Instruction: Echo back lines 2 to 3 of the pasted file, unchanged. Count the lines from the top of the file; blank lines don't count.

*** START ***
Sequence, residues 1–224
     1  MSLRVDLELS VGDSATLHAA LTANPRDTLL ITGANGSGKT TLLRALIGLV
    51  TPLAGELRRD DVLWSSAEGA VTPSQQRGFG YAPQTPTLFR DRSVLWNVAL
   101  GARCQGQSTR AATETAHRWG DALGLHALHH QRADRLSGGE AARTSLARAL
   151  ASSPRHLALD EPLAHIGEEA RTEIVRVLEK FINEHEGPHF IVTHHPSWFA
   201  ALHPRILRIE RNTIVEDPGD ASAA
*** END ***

     1  MSLRVDLELS VGDSATLHAA LTANPRDTLL ITGANGSGKT TLLRALIGLV
    51  TPLAGELRRD DVLWSSAEGA VTPSQQRGFG YAPQTPTLFR DRSVLWNVAL